This build is obviously mostly for gaming, and I will be ordering it before tomorrow. I would also appreciate if anyone know a nice website with tutorials on how to build a pc as this is my first ever build.
That's a very nice build that will work fine together. I don't see any components that are not compatible with each other. A Google search on how to build a computer will return more results than you can imagine. The stickies in this section of the forum will help too.
I'd switch the board to the Asus P5P55D-E Pro. That Gigabyte board disables USB 3/SATA III speeds when you add a second GPU. The Asus allows both functions at the same time.
I'd also look into the HAF 922 as the case. It's higher quality and slightly bigger. It should also be a little cheaper. It's not a huge change though.
Other than that, it all looks good.
For a good guide, check the "Step-by-Step Guide to Building a PC" sticky in this forum. It's a very good guide.
Thanks for the guide.
I chose the motherboard mainly because it was featured in the $1500 build on this site, but if it turns off usb 3.0 with 2 GPU's thats not so good.
Did you mean: ASUS P7P55D-E PRO, P55, Socket-1156?
I cannot seem to find the P5 edition.
I did take a look at the HAF922 already, but I like the thermaltake's features a bit better (easy to access fan speed knob, led color change, nice big fans, all black interior), and i do not need watercooling or e-sata.
I have a question about bottom mounted PSU's though. Which way are you supposed to put it in? I'm a bit confused as to if you should turn them upside down (fan up) or the right side up (fan down, sucking air into the PSU from under the case).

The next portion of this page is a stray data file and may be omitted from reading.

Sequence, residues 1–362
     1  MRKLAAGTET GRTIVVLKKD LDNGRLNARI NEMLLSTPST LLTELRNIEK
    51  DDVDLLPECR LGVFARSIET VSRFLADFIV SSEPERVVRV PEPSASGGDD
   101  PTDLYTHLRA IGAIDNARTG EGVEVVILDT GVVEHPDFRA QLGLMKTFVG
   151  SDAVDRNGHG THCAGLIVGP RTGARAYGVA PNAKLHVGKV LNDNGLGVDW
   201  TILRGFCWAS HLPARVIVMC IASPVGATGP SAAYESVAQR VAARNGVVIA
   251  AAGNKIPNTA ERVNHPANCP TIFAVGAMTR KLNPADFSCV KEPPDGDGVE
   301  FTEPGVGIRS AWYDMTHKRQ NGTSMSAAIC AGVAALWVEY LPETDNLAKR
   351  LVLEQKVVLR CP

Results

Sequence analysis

There have been a few threads started about the PSU orientation. If the case has an opening under the PSU where it can get fresh air, I would install it with the fan down so it doesn't disrupt the airflow inside the case.
I might just install it fan down then, as I believe that is a dust filtered hole in the bottom of the thermaltake case.
Is there a large difference between the ASUS P7P55D-E PRO and the regular P7P55D-E btw? The pro costs about 50$ more than the regular, and i cannot really seem to find any major difference when looking over the specs of both of them.
I've built countless systems without ever using one. As long as you use a little common sense you'll be fine. Of course the anti-static wristband is cheap insurance just in case. If you're worried about it then it certainly wouldn't hurt to get one.
Keep Fido the dog, Fluffy the cat, and kids away from the components.
Install the power supply into the case, but make sure it's turned off and none of the cables are plugged into the motherboard. You then want to plug the power cord into the PSU and touch a metal part of the case before handling any components and every time you reach into the case. Having the PSU plugged in but turned off gives you a path to ground through your home's wiring.